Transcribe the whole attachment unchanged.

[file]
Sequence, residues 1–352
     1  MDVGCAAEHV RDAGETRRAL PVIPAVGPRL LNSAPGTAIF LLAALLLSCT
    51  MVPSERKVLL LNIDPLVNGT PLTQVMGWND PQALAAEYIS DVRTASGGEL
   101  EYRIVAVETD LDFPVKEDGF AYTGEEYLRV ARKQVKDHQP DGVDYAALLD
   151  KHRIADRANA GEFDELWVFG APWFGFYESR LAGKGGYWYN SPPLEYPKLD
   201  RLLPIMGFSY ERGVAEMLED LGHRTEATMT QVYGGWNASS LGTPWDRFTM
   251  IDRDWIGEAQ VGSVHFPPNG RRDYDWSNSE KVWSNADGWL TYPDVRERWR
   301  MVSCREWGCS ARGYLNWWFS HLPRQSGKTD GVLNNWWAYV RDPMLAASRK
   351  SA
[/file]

Sequence, residues 1–352
     1  MDVGCAAEHV RDAGETRRAL PVIPAVGPRL LNSAPGTAIF LLAALLLSCT
    51  MVPSERKVLL LNIDPLVNGT PLTQVMGWND PQALAAEYIS DVRTASGGEL
   101  EYRIVAVETD LDFPVKEDGF AYTGEEYLRV ARKQVKDHQP DGVDYAALLD
   151  KHRIADRANA GEFDELWVFG APWFGFYESR LAGKGGYWYN SPPLEYPKLD
   201  RLLPIMGFSY ERGVAEMLED LGHRTEATMT QVYGGWNASS LGTPWDRFTM
   251  IDRDWIGEAQ VGSVHFPPNG RRDYDWSNSE KVWSNADGWL TYPDVRERWR
   301  MVSCREWGCS ARGYLNWWFS HLPRQSGKTD GVLNNWWAYV RDPMLAASRK
   351  SA